True story: a property manager recently shared that she had broken down in tears when shown how RealPage Business Intelligence for Student Housing could crank out in 10 minutes the reports she had been manually assembling from dozens of individual property spreadsheets—requiring as many as 20 painful hours, a lot of it during her free time.
Business Intelligence (BI) has finally arrived for managers of student housing, and it’s changing everything about how decisions are made and performance is monitored. It gives you an instant lens into the student housing data that’s important to you in your particular job, without having to pull diverse data together into reports, waiting for someone else to create them for you, or trying to gain insights directly from rows and columns of numbers.
This technology consolidates all your data at the property, regional and portfolio levels in a single platform, allowing you to slice, dice and view the data any way you want to—in many cases, in the form of eye-opening charts and graphs. This includes both financial and operational data, no longer locked in separate silos but flowing in from every direction to a central database where it’s ready to be extracted according to the particular needs and interests of managers and partners at every level.
The walls come tumbling down
Your operational data is housed in different systems depending on function. Service requests are in one place; lease expirations in another; wait list and returning student data in another, and so on.
Then there are your KPI’s (Key Performance Indicators) such as revenue, expenses, NOI, rent growth and preleased/current occupancy—metrics critical to your company’s decision makers.
The beauty of BI is that it lets you choose the operational and financial data important to you, then culls this information from wherever it resides and displays it in graphic format on a custom dashboard that keeps you on top of everything at a glance. There are dozens of KPIs that can be displayed, with more being added all the time. You can also schedule reports to be run and distributed to you and others on whatever schedule you choose.
Let’s say you’d like to look at marketing spend next to occupancy rate and rent levels in order to seek a correlation between them. Or look at the impact of renovation costs on NOI in the short term and increased rents going forward. What was once a cumbersome, time-consuming process of pulling data together for analyses such as these is now simple and streamlined.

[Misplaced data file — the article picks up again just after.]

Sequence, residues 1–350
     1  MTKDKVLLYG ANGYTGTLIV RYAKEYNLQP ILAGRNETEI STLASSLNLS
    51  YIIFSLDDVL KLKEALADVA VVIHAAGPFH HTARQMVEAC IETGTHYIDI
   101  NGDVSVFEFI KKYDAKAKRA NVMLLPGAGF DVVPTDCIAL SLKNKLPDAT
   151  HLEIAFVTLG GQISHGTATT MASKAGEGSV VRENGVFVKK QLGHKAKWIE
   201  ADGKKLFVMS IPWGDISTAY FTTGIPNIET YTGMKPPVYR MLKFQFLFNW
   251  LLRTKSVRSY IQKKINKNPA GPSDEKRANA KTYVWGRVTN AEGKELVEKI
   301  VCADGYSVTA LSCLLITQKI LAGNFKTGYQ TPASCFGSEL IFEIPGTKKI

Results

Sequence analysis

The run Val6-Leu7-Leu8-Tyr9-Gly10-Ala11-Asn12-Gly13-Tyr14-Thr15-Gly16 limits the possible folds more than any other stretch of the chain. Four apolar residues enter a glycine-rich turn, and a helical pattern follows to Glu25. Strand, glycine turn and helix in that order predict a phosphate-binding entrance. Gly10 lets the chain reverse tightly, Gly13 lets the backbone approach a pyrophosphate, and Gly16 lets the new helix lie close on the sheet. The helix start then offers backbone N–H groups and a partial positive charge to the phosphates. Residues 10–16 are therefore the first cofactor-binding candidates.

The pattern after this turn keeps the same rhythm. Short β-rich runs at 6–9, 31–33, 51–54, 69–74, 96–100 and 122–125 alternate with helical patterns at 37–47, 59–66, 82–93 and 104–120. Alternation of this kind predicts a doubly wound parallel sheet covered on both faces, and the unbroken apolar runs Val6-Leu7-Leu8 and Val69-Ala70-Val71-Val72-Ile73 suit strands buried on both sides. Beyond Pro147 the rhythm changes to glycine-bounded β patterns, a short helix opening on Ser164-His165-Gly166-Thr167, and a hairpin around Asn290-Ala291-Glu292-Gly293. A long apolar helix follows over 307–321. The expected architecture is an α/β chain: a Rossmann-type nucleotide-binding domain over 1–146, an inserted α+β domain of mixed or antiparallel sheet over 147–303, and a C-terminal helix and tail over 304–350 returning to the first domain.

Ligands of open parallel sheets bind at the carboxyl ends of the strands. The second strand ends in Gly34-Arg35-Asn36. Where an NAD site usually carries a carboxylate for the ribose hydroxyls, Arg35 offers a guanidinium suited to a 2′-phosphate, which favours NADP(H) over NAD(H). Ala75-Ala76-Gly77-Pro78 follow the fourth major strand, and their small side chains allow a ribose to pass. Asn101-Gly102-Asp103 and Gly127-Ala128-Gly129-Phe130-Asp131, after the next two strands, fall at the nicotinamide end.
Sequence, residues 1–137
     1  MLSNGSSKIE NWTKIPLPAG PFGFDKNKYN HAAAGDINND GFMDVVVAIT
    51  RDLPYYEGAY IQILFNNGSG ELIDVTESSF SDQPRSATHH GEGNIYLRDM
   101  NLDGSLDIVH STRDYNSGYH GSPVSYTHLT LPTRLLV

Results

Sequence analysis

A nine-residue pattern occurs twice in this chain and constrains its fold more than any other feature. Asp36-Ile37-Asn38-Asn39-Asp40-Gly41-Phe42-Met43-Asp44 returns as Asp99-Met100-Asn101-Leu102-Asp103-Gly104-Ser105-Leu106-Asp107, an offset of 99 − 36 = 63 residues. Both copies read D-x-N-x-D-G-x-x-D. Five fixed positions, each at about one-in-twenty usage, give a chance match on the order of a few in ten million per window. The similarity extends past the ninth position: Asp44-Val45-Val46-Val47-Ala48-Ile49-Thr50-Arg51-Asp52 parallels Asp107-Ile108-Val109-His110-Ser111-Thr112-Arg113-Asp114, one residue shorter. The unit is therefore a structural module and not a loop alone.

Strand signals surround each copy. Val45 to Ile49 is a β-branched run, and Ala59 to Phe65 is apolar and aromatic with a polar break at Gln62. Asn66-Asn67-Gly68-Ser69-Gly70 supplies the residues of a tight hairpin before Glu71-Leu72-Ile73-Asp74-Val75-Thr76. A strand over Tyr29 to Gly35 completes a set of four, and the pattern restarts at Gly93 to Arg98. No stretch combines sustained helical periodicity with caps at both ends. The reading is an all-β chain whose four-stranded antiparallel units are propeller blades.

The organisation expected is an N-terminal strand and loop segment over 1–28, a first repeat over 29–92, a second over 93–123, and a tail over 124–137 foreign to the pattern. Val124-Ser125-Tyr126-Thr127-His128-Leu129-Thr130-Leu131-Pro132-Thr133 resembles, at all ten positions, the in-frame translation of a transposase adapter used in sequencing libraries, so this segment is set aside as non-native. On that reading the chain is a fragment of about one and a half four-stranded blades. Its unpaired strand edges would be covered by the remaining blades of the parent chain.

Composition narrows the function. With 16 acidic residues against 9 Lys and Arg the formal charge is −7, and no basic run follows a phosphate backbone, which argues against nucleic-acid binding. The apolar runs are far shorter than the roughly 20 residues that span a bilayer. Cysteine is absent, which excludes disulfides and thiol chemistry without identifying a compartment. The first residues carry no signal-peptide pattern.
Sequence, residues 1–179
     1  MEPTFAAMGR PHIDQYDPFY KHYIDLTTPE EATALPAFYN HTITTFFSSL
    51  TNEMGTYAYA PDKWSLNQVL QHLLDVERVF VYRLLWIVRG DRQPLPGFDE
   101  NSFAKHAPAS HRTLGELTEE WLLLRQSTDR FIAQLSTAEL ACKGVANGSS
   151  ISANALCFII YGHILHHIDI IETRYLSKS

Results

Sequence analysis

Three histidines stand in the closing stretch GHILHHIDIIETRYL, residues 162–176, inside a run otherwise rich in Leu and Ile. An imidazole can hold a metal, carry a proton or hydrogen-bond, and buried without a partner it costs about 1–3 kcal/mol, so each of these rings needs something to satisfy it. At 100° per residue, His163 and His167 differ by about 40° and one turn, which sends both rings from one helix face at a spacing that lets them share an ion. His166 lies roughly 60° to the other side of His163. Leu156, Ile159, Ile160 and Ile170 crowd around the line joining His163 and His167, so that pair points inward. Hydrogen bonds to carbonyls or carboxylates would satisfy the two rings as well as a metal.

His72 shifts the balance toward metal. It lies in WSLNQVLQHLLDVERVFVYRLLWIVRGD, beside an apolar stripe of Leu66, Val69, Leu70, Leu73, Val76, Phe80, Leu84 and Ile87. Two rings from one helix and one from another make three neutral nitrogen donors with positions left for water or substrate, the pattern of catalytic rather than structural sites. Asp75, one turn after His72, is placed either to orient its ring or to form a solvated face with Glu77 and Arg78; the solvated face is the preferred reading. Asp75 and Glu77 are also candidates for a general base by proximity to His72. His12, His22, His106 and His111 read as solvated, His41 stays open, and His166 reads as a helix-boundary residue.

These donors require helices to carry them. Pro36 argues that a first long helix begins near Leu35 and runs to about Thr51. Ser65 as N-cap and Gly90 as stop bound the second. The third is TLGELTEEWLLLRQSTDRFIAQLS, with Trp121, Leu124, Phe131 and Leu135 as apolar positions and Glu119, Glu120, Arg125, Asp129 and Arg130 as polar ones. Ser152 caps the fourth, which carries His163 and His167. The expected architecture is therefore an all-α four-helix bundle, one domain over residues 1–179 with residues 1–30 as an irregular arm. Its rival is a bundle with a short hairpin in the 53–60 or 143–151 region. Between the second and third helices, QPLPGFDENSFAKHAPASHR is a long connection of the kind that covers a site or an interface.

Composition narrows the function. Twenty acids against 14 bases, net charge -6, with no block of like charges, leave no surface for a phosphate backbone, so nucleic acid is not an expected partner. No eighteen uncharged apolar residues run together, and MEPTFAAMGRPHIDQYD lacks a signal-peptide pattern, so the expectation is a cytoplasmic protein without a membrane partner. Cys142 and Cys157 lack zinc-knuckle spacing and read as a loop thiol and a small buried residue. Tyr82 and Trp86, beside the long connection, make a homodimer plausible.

Site managers will of course be looking at different data on their dashboards: billing and invoices, work orders, turns, wait list status, budget constraints and other site-level data.
One high-level manager reports that when he’s on the phone with regional or site managers, he always has them pull up and view the same BI data he’s looking at as they review performance, so they’re on the same page as they speak.
A top benefit of the BI dashboard is that weak spots in a portfolio needing attention—say below-market rent growth at one property or sinking occupancy at another—no longer must be searched for property by property, or by asking for reports to be assembled. You can scorecard all of your Key Performance Indicators, quickly highlighting outliers (both good and bad) so you know where to focus your efforts at improvement and where to simply give kudos.
BI lets you compare what’s happening now to the same period in the prior year (or quarter-on-quarter) so you can look at trends in terms of both market and internal performance. How is your pre-leasing looking compared to the same time last year? And the year before that? Do you need to pump your marketing spend up a bit over the next 60 days? And if so, which marketing sources are giving you the best bang for the buck? Has your renewal rate dropped? Are more freshman moving out after their first year, so you should work on retention? How are repair and renovation costs trending up or down, and how are they affecting NOI?
Looking deeper into data
Not only can you look back in time for comparison, but you can also drill down from the highest level portfolio data all the way to the unit or bed level. So if you’re a manager responsible for performance and want to see what lies beneath a weak occupancy number, for example, you can drill down to look at a group of properties or one property at a time within the group.
Perhaps a couple of properties are failing to hold on to the students they’re leasing to and a renewal incentive program is in order; or maybe they need a stronger effort to attract new prospects, with two competitive properties having recently been completed in the same area. How much are they spending on marketing? If it’s plenty, is there perhaps weak follow-through on leads?
With all the recent hype about the value of the data you’re capturing in your computer system every day, it’s important to note that raw data is worth very little. Everything comes down to turning it into useful information that delivers actionable insights. The arrival of BI marks a significant milestone in this endeavor, displaying in living color the metrics you need for profitable decision making.
Ready to change the game with Business Intelligence for Student Housing? Get a free demo today.